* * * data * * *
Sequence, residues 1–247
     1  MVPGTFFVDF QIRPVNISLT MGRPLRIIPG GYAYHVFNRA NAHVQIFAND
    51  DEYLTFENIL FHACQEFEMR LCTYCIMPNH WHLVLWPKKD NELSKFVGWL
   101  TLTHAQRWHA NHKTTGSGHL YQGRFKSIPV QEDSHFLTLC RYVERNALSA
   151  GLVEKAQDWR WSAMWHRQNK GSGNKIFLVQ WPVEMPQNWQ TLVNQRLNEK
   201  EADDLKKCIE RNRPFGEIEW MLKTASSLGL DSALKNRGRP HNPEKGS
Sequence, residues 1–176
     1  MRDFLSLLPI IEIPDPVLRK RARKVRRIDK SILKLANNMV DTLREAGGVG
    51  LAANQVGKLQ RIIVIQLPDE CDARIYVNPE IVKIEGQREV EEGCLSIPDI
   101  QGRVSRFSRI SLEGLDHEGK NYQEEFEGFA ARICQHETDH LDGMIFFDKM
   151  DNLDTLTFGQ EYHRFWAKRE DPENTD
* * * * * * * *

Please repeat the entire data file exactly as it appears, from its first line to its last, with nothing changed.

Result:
Sequence, residues 1–247
     1  MVPGTFFVDF QIRPVNISLT MGRPLRIIPG GYAYHVFNRA NAHVQIFAND
    51  DEYLTFENIL FHACQEFEMR LCTYCIMPNH WHLVLWPKKD NELSKFVGWL
   101  TLTHAQRWHA NHKTTGSGHL YQGRFKSIPV QEDSHFLTLC RYVERNALSA
   151  GLVEKAQDWR WSAMWHRQNK GSGNKIFLVQ WPVEMPQNWQ TLVNQRLNEK
   201  EADDLKKCIE RNRPFGEIEW MLKTASSLGL DSALKNRGRP HNPEKGS
Sequence, residues 1–176
     1  MRDFLSLLPI IEIPDPVLRK RARKVRRIDK SILKLANNMV DTLREAGGVG
    51  LAANQVGKLQ RIIVIQLPDE CDARIYVNPE IVKIEGQREV EEGCLSIPDI
   101  QGRVSRFSRI SLEGLDHEGK NYQEEFEGFA ARICQHETDH LDGMIFFDKM
   151  DNLDTLTFGQ EYHRFWAKRE DPENTD